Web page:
Options volume is expected to rise in 2017, according to a new report from the TABB Group. Always difficult to predict volatility – which is most often driven by surprise – could increase this year, as factors such as interest rate hikes and regulatory tailwinds are expected to bolster options trading volume along with increased user demand from professional investors.
Options volume expected to hit 4.12 billion in 2017
Options trading volume should hit 4.12 billion in 2017, up from 4.06 billion in 2016 but lower than 4.14 billion in 2015. TABB anticipates rising volatility, the most important factor in modeling option volume, to contribute only marginally to overall 2017 volume increases.
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However, if sustained volatility occurs, with the CBOE VIX index exceeding 20 for elongated periods rather than exhibiting quick mean reversion which has been its pattern, options volume will benefit.
If volatility increases by 5% relative to TABB’s base model, 2017 options volume could move to 4.23 billion contracts, while a 10% increase in average VIX levels might result in volume to jumping to 4.53 billion contracts.
Calling market volatility a “wild card,” TABB’s Andy Nybo looked to a number of factors that could lead to a rough ride for stocks.
Looking back at the past 10 years we can see a definitive pattern of falling volatility, with both the Chicago Board Options Exchange Volatility Index (CBOE VIX) seeing lower levels and the number of times it exceeds its 10-year average of 20.7 on the decline. In 2016 the VIX closed above its average only 40 times as compared to 2009 when the index closed above the average on all but six days. And the frequency is actually up substantially from 2013 when the VIX closed over 20.7 on just one day
Politics could drive volatility
Looking at a geopolitical environment in “flux,” Nybo notes the surge in populist candidates around the world “promises to create more legislative and regulatory uncertainty.”
Elections coming up March 15 in the Netherlands should be watched along with higher-profile measures of votes in France and Germany potentially setting up significant volatility.
“Massive shifts in public sentiment could add fire to calls for the dissolution of the European Union, piling on top of the Brexit vote that surprised the world last year,” Nybo observed in the report, noting a global issue. “US domestic political uncertainty promises to increase as well, with an increasingly fractious political environment ultimately raising concern within US markets.”
In anticipation of a shifting economic environment, portfolios increasingly using hedging techniques is expected to contribute to increased options volume. TABB sees increased usage by registered investment advisors (RIAs) in building noncorrelated portfolios in particular as driving the trend:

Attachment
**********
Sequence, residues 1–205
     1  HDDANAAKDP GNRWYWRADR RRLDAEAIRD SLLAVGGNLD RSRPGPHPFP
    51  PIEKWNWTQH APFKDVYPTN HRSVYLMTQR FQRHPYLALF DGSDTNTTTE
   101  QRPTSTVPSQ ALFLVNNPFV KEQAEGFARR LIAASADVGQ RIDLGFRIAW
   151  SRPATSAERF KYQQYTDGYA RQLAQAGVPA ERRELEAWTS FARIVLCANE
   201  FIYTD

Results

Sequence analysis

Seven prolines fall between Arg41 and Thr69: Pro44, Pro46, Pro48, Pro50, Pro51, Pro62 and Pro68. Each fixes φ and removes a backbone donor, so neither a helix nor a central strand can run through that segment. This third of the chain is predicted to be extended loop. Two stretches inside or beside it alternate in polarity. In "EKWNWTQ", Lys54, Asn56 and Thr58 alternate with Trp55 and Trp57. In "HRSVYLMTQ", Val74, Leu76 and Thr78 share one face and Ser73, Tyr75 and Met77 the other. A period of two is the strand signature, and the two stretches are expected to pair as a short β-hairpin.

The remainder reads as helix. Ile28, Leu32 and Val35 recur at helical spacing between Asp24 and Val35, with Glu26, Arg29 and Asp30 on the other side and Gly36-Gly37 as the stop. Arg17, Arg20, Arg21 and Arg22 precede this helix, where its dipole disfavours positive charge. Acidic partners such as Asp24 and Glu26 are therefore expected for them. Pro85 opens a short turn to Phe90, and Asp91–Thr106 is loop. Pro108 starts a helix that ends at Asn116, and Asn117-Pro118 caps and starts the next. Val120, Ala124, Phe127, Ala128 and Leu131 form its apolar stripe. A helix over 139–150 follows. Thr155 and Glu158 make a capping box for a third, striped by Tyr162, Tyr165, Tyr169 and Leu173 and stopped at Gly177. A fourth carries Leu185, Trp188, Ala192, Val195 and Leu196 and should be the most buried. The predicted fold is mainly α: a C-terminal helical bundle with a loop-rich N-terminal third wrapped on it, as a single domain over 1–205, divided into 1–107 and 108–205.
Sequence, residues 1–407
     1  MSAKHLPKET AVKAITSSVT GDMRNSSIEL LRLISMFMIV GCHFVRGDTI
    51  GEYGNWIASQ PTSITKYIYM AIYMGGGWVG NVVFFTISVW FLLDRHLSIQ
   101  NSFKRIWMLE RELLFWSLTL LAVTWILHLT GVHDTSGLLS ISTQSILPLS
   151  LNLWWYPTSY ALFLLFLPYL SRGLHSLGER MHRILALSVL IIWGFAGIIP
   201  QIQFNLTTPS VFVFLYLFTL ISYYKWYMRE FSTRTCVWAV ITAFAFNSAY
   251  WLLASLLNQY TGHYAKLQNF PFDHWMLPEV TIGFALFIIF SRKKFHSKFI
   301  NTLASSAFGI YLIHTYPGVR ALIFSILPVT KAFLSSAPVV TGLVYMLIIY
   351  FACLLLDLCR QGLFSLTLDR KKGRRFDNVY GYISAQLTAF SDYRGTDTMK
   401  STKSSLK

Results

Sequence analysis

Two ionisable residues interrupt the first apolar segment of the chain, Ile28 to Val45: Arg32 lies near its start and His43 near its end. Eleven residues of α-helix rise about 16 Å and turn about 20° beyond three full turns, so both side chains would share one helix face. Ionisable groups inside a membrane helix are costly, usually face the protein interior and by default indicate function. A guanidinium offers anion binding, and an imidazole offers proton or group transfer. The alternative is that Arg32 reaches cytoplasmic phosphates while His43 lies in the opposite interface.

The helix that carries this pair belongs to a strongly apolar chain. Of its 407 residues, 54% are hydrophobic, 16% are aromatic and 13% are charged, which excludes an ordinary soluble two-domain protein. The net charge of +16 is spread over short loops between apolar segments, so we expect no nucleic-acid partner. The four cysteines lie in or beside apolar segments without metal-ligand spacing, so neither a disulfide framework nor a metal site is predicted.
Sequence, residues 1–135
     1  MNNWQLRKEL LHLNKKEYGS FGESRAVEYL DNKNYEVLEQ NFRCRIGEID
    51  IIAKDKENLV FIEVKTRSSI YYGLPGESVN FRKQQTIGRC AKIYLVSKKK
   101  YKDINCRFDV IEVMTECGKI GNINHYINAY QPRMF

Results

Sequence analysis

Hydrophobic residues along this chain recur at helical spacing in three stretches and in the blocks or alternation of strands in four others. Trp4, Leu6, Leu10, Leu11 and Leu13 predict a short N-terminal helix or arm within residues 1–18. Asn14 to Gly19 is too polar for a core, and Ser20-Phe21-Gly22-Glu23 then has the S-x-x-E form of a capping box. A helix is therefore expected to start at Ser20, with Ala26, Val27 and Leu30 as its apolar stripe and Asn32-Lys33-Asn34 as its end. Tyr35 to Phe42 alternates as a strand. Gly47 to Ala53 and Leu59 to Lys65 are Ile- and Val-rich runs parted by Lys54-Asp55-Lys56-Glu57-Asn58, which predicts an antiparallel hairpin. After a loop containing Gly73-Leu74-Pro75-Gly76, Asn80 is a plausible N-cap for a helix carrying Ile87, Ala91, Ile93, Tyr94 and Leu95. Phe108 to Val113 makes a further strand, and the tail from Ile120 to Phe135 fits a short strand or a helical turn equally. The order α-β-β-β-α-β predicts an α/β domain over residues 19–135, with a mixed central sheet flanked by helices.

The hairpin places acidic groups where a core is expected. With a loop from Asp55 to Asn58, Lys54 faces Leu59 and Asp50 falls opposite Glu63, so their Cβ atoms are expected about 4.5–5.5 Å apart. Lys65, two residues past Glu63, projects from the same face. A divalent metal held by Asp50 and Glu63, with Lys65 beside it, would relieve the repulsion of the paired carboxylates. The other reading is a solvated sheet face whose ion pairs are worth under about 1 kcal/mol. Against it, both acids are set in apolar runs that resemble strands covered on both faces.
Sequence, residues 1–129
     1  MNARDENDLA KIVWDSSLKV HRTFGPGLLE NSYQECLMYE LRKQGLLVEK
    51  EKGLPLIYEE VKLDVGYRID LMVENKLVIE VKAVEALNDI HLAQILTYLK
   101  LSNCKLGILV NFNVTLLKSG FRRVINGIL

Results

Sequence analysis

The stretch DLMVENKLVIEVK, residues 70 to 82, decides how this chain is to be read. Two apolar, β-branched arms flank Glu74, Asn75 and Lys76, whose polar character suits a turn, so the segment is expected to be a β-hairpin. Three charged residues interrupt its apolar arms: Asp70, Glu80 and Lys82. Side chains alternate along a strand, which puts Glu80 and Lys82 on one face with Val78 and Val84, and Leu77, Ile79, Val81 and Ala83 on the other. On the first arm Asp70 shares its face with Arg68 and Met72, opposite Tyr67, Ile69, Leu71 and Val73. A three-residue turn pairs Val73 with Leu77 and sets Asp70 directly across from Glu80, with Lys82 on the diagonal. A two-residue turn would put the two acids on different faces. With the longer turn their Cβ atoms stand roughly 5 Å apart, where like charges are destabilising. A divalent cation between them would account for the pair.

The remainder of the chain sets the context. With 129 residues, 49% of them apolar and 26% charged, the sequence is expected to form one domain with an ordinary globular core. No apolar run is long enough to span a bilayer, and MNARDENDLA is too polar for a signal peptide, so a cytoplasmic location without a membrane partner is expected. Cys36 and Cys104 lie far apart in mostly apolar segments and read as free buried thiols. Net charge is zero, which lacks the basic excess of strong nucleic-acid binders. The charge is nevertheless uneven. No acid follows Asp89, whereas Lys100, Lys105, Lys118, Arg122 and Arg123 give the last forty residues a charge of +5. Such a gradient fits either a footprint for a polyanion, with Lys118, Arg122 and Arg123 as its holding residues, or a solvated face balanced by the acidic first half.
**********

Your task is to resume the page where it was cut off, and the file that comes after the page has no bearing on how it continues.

Active portfolio management will increase as stock picking comes back in vogue. The use of options will increase accordingly, especially as event-driven strategies begin to use more derivatives as part of strategies. Rising support from brokers as capital rules are relaxed will provide more access to capital for strategies, ultimately contributing to growth. Retail demand will also begin to increase, as retail traders emulate many of the strategies employed by institutions. Demand from new volatility trading accounts will begin to increase as overall market volatility increases.
Driving the portfolio readjustments is likely to be interest rates to a large degree, with investors hedging their fixed income exposure.
“Rising rates traditionally have hampered economic growth but since 2008 global financial markets have acted in few traditional ways,” Nybo wrote. “Markets have experienced low rates for so long that any shift in interest rates will have far-reaching consequences, especially in derivatives markets.”
Regulatory and financial reforms could also impact options volume:
Tax reform is certainly on the table as is, perhaps, the reversal of numerous regulatory initiatives layered on in the aftermath of 2008. Attention on rolling back provisions of the Dodd-Frank Wall Street Reform and Consumer Protection Act (Dodd-Frank) was an early focus of comments by Steve Mnuchin, the recently confirmed Treasury Secretary. Munchin’s comments around the complexity of Dodd-Frank, and the restrictions it places on lending, signal a less intrusive approach on regulating the industry. He also stated that this would be the biggest regulatory priority for the new administration.
Tabb is looking for idiosyncratic stock correlations to be reduced which could drive options volume to various degrees as well.
The decline in correlations should provide tail winds to volumes, as investor interest in positioning in companies which will benefit or suffer from the shift in economic policies attract investor interest. Shifting capital flows will create disparate opportunities, which ultimately reduces correlation and provides more demand for positioning through options. And these opportunities reduce correlation among sectors, which ultimately creates arbitrage opportunities—a factor that will support option volumes.
What TABB research poignantly points out is how a new market environment is upon us, which could benefit the active manager:
If there is anything we learned from events in the past few months it is that US financial markets have entered a new cycle, with a break down in correlations and rising interest rates providing the foundation for what potentially could be a stock pickers paradise. Add to that a sustained period of volatility and we could see options volume return to a much stronger growth profile, with trading reaching levels not seen since 2011.